To escape a character, prepend it with the backslash character. The backslash character tells Ruby to ignore any special meaning the next character may have.

If it’s a matching quote character, don’t end the string. If it’s a hash sign, don’t start an interpolation block. The following example demonstrates this use of backslash to escape special characters.

puts "Steve said \"Moo!\""
puts "String interpolation like \#{this}"
puts 'Can\'t touch this!'
puts "Print a backslash like this \\"

The backslash character can be used to remove any special meaning from the following character but, confusingly, it can also be used to denote special behavior in double-quoted strings. Most of these special behaviors have to do with inserting characters and byte sequences that cannot be typed or represented visually. Not all Strings are character strings or may contain control sequences intended for the terminal, and not the user. Ruby gives you the ability to insert these types of strings using the backslash escape character.

  • \n – A newline character. The puts method does this automatically, but if you wish to insert one in the middle of a string, or the string is destined for something other than the puts method, you can use this to insert a newline in a string.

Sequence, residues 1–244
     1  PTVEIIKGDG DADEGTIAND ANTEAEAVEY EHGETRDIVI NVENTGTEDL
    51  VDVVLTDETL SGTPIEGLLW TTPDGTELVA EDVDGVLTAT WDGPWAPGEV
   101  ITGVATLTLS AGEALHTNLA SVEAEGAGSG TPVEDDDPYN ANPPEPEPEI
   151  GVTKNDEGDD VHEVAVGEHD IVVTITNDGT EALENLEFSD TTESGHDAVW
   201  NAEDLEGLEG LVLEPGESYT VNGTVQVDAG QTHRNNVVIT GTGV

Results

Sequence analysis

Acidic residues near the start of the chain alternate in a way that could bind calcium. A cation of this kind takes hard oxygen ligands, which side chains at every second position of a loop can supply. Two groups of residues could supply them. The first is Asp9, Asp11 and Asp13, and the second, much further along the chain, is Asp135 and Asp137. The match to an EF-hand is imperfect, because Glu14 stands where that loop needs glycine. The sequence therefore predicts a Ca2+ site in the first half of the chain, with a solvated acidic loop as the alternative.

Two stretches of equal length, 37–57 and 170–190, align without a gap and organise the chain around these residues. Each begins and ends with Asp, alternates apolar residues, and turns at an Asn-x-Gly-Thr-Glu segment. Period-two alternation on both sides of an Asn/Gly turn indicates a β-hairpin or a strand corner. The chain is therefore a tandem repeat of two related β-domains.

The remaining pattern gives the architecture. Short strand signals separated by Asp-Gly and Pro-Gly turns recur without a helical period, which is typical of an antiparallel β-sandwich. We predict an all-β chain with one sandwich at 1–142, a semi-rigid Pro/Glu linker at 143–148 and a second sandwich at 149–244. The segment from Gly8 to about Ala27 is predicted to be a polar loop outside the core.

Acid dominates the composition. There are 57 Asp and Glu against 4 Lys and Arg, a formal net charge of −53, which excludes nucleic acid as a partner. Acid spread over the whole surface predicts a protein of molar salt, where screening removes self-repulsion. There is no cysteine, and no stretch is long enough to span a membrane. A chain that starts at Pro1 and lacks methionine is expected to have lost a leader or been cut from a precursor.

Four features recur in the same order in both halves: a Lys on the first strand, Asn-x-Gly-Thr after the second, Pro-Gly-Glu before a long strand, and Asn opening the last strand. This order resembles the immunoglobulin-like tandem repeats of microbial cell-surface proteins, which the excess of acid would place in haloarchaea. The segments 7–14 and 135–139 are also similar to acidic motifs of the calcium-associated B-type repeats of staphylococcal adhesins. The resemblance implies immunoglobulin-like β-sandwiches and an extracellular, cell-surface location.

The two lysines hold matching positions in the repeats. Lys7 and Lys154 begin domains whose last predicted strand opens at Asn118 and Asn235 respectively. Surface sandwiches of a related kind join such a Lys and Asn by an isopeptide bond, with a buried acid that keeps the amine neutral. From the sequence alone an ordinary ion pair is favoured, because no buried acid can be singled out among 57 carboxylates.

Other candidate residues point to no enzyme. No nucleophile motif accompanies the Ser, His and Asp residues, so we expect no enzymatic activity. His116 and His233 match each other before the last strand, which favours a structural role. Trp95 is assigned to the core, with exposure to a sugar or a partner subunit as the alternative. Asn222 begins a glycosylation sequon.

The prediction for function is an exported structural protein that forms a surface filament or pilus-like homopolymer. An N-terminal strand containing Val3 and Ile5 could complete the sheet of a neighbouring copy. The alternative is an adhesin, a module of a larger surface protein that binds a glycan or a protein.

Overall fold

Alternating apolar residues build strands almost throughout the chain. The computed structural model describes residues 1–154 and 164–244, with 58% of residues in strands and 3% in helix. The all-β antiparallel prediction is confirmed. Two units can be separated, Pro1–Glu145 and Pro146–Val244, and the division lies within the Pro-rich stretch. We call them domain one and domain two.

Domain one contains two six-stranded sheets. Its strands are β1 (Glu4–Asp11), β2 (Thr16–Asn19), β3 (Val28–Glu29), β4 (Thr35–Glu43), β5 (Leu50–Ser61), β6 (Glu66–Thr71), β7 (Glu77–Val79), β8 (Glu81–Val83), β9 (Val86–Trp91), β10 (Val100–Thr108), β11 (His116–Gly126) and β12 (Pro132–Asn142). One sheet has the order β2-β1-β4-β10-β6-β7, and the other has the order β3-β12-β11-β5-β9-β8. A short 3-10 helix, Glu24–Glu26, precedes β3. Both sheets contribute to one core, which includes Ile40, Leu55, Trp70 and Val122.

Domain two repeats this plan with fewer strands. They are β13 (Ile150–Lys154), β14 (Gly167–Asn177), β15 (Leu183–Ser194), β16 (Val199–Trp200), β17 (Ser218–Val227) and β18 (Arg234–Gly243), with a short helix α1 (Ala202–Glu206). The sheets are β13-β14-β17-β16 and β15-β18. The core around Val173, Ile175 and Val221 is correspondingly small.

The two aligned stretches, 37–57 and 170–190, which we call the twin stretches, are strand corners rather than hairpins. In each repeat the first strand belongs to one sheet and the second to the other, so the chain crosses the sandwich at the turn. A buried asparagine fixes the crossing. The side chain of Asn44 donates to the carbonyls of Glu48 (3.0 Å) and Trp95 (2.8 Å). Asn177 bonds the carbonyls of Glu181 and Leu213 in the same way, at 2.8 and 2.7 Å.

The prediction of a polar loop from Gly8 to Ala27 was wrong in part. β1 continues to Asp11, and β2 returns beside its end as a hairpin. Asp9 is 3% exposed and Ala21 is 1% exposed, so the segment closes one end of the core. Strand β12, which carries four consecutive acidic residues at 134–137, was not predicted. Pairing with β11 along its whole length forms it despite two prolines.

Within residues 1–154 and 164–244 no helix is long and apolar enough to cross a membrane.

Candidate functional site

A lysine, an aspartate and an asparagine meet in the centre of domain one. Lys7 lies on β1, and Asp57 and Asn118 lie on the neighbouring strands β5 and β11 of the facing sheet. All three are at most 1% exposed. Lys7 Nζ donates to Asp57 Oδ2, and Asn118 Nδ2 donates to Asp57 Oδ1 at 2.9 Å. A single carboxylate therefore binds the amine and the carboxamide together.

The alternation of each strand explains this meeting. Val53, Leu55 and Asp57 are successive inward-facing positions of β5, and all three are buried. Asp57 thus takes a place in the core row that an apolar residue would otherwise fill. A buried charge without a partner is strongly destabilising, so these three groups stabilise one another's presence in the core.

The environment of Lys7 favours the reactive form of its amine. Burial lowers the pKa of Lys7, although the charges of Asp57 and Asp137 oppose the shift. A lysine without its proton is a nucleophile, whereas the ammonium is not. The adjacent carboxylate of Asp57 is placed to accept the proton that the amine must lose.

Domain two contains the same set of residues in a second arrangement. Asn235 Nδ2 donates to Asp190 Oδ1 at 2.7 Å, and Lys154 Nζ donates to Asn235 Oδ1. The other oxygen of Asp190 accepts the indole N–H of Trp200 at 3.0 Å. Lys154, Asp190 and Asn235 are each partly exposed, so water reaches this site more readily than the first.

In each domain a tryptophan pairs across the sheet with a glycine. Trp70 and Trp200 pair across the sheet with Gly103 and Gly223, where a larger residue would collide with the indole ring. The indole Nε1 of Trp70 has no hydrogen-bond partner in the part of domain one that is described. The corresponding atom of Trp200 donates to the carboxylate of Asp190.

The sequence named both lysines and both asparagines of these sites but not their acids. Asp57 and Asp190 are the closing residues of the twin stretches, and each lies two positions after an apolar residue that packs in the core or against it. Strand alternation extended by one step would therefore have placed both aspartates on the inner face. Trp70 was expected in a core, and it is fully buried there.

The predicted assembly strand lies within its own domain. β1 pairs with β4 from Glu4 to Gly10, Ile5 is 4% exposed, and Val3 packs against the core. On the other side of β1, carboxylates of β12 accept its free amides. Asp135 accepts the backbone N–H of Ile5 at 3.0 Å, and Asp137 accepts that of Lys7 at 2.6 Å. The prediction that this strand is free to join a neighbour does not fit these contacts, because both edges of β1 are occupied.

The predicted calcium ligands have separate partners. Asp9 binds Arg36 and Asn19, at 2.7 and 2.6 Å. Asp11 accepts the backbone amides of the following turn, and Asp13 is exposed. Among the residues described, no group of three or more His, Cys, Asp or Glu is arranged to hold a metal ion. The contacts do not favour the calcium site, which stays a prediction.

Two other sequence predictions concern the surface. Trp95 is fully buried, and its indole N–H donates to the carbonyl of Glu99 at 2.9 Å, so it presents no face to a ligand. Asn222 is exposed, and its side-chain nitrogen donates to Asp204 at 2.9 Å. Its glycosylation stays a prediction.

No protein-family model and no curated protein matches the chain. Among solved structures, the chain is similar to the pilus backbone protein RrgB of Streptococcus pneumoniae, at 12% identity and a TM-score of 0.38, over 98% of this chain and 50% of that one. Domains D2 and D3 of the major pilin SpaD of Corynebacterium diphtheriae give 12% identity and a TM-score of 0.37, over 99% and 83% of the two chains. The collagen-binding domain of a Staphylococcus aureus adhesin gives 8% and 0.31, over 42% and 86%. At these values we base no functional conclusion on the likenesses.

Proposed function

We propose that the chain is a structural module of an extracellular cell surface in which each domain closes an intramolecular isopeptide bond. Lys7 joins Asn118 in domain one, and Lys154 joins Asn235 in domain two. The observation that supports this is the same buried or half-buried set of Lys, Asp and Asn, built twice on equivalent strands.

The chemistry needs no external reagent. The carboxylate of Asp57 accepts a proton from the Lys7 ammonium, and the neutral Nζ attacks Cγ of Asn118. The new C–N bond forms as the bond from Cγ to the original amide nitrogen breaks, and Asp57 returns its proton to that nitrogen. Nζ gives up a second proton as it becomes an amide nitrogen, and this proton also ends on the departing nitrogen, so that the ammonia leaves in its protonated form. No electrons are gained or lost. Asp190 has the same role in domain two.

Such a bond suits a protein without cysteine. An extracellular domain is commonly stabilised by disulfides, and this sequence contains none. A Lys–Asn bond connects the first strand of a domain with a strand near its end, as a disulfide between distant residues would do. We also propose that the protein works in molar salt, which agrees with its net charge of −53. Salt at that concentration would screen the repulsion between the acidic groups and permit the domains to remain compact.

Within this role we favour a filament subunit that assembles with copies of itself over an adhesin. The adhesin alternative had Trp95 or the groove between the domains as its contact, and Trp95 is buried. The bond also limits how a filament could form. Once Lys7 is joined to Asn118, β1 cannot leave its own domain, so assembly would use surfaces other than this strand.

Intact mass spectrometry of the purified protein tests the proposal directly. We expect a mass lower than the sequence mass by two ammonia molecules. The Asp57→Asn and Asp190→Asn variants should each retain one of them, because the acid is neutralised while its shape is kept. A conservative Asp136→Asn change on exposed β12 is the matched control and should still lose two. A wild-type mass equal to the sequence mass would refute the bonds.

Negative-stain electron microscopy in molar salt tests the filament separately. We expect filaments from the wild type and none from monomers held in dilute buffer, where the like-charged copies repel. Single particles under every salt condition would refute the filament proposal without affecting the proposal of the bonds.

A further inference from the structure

• \t – A tab character. The tab character moves the cursor over (on most terminals) to a multiple of 8, so this is very useful for display tabular data. However, there are better ways of doing this, and using the tab character is considered a bit archaic or hackish.
  • \nnn – A backslash followed by 3 numbers will denote an ASCII character represented by 3 octal digits. Why octal? Mostly for historical reasons.
  • \xnn – A backslash, an x, and 2 hex digits. The same as the octal version, only with hex digits.

You’ll probably never use most of these, but know that they exist. And also remember that they only work in double quoted strings.

The next page discusses multi-line strings and an alternate syntax for string literals.


Most languages don’t allow multi-line string literals, but Ruby does. There’s no need to end your strings and append more strings for the next line, Ruby handles multi-line string literals just fine with the default syntax.

puts "This is a string
that spans multiple lines.
In most languages, this would
not work, but not in Ruby."


As with most other literals, Ruby provides an alternate syntax for string literals. If you’re using a lot of quote characters inside your literals, for example, you may want to use this syntax. When you use this syntax is a matter of style, they’re usually not needed for strings.

To use the alternate syntax, use the following sequence for single-quoted strings %q{ … }. Similarly, use the following syntax for double-quoted strings %Q{ … }. This alternate syntax follows all the same rules as their “normal” cousins. Also note that you can use any characters you with instead of braces. If you use a brace, square bracket, angle bracket or parenthesis, then the matching character will end the literal. If you don’t want to use matching characters, you can use any other symbol (anything not a letter or number). The literal will be closed with another of the same symbol. The following example shows you several ways to use this syntax.

puts %Q{Expected form}
puts %Q[Slightly different]
puts %Q(Again, slightly different)
puts %Q!Something important, maybe?!
puts %Q#Hmmm?#

The alternate syntax also works as a multi-line string.

puts %Q{This is a
multi-line string.
It works just like
normal single or
double quoted multi-
line strings.}